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A Moral Education
Making Children Moral
In the first part of our mini-series on moral education, Michael Hand considers whether schools should be involved in trying to make children moral.
Should schools be in the business of making children moral? I don’t mean: should they help children to think well about morality? It’s obvious they should do that. I mean: should they try to shape children’s intentions, feelings and habits in a way that disposes them to comply with moral standards?
To mark the distinction just drawn, I’ll use the terms ‘moral inquiry’ and ‘moral formation’. Moral inquiry is the rational investigation of the nature, content and justification of morality. Not nearly enough room is made for moral inquiry in most school curricula, but few would deny that it ought to be there. Moral formation, by contrast, is the cultivation in children of moral intentions, feelings and habits – the shaping of moral character. Resistance to the idea that moral formation falls within the remit of schools is familiar enough. But is it justified?
What Schools Are For
One thought sometimes canvassed is that a role for schools in moral formation is ruled out on conceptual grounds. The job of schools is to educate, and education aims at knowledge and understanding. On this view, the outcomes of educational processes are intellectual, not emotional or behavioural. To charge educators with making children moral is to confuse education with socialisation.
This objection carries little weight. For one thing, restricting the content of education to knowledge and understanding is arbitrary. To educate someone is to engage them in a comprehensive programme of learning, and it’s plain that not all learning is intellectual. People learn, and are enabled by others to learn, not just how and what to think, but how and what to want, feel, do and be. For another thing, even if you are wedded to a narrowly intellectual view of education, you can hardly deny that schools do more for children than educate them. Teachers act in loco parentis in all manner of ways. So there is no oddity in the suggestion that they might share responsibility for the socialisation of children.
A related but distinct source of resistance is the thought that schools are unfavourable environments for moral formation. However broadly we construe the concept of education or the scope of schooling in theory, we must recognise that there are in practice significant constraints on the kinds of learning that go on in classrooms. It is one thing to nurture intentions and feelings in the context of family relationships, quite another to do it in the context of educational institutions. Schools and classrooms, it may seem, are too public, too formal and too regulated to be appropriate sites for the baring and shaping of souls. Graham Haydon thinks there is a case “for concentrating on what schools can do best, which is I suspect… to teach things of a broadly cognitive nature” (Teaching About Values: A New Approach, 1997, p.131).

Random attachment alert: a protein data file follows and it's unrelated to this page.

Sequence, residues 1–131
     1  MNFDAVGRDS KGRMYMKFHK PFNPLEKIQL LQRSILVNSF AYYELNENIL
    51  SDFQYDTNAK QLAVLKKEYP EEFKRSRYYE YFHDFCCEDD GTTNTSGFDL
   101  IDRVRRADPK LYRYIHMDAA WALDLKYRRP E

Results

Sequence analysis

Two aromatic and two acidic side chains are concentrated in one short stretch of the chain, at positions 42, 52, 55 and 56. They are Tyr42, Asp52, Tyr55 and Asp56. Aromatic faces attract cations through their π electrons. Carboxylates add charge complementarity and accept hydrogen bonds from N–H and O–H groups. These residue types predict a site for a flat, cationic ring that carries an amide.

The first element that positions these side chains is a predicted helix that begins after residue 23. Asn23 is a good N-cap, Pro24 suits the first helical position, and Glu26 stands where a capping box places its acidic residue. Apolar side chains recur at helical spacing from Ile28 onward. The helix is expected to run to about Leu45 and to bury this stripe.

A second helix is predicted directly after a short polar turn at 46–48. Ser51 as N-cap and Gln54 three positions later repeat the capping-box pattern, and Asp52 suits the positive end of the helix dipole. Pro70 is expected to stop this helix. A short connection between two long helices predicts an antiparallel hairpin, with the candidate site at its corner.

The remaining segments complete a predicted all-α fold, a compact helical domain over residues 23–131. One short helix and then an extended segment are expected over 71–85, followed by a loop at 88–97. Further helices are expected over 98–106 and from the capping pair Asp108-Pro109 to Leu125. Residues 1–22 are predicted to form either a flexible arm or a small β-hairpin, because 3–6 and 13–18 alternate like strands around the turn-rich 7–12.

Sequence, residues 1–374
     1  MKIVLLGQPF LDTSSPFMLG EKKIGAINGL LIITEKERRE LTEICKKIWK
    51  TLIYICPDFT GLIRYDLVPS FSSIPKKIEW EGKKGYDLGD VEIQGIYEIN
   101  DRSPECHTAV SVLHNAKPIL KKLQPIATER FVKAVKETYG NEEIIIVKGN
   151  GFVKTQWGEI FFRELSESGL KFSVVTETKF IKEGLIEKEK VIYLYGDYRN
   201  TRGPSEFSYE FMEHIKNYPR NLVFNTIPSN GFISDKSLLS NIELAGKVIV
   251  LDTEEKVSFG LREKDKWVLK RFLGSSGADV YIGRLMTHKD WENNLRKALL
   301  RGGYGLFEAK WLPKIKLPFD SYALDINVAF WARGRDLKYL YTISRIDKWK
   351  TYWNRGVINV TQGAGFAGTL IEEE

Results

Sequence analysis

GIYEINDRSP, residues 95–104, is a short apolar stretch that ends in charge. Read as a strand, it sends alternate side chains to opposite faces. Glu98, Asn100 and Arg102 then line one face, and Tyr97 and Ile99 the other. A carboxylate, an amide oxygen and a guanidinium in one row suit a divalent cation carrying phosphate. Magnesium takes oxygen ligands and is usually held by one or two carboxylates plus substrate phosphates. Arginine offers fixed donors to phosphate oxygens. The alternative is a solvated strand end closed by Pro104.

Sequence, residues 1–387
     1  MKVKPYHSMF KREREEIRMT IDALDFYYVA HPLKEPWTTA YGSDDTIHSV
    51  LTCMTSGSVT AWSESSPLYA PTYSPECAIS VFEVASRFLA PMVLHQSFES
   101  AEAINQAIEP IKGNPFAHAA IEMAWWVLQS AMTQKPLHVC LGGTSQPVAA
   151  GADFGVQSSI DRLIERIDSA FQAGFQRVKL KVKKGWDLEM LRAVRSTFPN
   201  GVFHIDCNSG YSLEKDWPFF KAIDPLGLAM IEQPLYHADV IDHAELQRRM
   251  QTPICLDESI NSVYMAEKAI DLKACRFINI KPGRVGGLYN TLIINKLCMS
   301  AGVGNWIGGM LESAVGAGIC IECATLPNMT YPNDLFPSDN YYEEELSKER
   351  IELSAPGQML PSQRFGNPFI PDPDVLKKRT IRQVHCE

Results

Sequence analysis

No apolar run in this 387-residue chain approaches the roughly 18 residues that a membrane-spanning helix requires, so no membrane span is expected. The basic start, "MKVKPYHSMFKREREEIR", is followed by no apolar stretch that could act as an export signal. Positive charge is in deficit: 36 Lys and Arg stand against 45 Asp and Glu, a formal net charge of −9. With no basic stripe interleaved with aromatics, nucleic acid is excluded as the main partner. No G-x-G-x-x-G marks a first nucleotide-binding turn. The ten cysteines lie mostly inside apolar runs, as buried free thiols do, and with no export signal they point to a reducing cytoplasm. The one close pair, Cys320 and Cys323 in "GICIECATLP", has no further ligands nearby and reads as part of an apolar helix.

This objection is also unpersuasive. Schools are certainly places of formal instruction, but they are also communities in which friendships are made and unmade, conflicts generated and resolved, achievements celebrated and failures commiserated. They are theatres of cooperation and conflict, coercion and rebellion, kindness and cruelty. Children’s souls are routinely bared and unavoidably shaped by their dealings with each other and with those in authority – in the classroom, the playground, the dining hall and the bike sheds. Far from occupying roles inimical to moral formation, teachers regularly make pastoral and disciplinary interventions of precisely the kind needed to cultivate moral intentions, feelings and habits.
Disagreement About Morality
If there’s a problem with schools trying to make children moral, then, it doesn’t lie in theoretical or practical constraints on the kinds of learning they can facilitate. But perhaps these are not the worries that really animate resistance to the idea of moral formation in schools. The most obvious and most forceful objection is that morality is controversial – not just in the sense that there is deep disagreement about it, but in the sense that the disagreement is perfectly reasonable. Sensible and sincere people armed with similar life experience and acquainted with roughly the same facts come to notably different conclusions about the content and justification of morality.